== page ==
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Wow, great news! Dual Core, 512MB L2, DDR2 RAM, PCI-Express... if an Iyonix II was released tomorrow we'd finally be reasonably close to the x86 pack. The disappointing thing is that by the time an RO machine actually gets to market with these specs, they will (again) be old hat. Still, a good development if the RO market can make use of it.

Is this processor actually available in large quantities yet? When ARM announces a new chip it normally takes 3 years or so to make it to market.

 is a RISC OS Usertimephoenix on 23/8/06 8:59AM
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I'd love a 512MB L2 cache in my processor. bet it's really only 512K though :)

 is a RISC OS Userpiemmm on 23/8/06 9:12AM
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So, how much redesign would the Iyonix need to use this chip?

 is a RISC OS UserGulli on 23/8/06 9:13AM
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piemmm: Who'd need main memory with 512M L2? :)

 is a RISC OS Usertribbles2 on 23/8/06 9:20AM
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@timephoenix: How would we be reasonably close to the x86 pack? A single-core ARM offers about half the integer performance of a AMD or Intel x86 single-core at the same clockspeed. I guess the same is true for dual-core versions. Current dual-core x86 offer clock speeds of up to 3.8GHz. That makes current x86s about six times as fast as this future ARM for integer performance. But this ARM will probably once again have no FPU and no general-purpose SIMD extensions, making it abysmally slow in comparison for many applications.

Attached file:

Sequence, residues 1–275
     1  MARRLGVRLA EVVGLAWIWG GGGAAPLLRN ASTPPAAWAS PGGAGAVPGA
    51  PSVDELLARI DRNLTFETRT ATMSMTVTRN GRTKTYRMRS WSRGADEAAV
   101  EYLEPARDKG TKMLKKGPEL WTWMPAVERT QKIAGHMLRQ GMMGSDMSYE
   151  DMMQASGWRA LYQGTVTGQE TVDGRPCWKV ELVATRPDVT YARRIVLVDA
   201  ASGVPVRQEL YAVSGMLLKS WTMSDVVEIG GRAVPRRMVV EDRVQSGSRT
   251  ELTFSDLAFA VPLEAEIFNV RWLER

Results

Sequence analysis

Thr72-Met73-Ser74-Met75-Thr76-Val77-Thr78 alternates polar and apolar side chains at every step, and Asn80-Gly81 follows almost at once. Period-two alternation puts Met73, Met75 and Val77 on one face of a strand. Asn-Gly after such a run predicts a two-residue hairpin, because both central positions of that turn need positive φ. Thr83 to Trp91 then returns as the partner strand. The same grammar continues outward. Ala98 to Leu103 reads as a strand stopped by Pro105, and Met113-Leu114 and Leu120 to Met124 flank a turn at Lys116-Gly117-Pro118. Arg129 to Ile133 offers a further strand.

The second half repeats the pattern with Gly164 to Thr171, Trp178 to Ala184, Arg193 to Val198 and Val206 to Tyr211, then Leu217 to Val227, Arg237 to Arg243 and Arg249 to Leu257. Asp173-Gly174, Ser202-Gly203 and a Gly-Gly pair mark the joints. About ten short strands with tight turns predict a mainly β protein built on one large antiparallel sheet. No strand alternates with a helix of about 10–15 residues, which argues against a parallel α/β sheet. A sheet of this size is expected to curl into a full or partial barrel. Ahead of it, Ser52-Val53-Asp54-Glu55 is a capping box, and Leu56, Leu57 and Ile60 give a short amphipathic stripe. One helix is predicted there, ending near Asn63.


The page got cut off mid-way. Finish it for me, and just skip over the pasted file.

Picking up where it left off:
For storage controllers a cache of 512MB might actually be quite useful (my current ICP Vortex SCSI controller has 256MB RAM on it), so I would not rule it out that this chip might actually support 512MB external 2nd level cache.

 is a RISC OS UserJGZimmerle on 23/8/06 9:44AM
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If the IOP342 contains all the peripheral features of the current chip, which it seems to, then only there would only need to be a redisgn for the differing package layout, plus of course any other changes such as an updated southbridge which would be needed. The seperate flash to hold the ROM could be deleted as it has 32MB on board.

The 1.2GHz clock speed increment combined with the Level 2 (undoubtedly only 512K) would give a substantial speed boost over the IOP321. The 1MB of internal memory could be used to hold critical parts of the OS for further performance gains. This just may hit the 3x tipping point for Castle to consider an Iyonix Mk2.

Thats only considering single core perforamance of course, as currently RISC OS has no facilities to make use of multiple processors. How to utilise the 2nd core would be the big question, symetric multi-processing is obviously not feasible with a CMT OS model, but farming out certain operations which could run in parallel such as I/O handling, graphics rendering and sound synthesis would be possible.

It unlikely Castle would have the resouces to serious tack this, so it would be the ideal case for open sourcing some/all of the OS, as it would allow developers to tack managable chunks of work. As long as the OS establishes a frame work for mutlicore use, operations could be migrated over from the primary processor in a piecemeal fashion.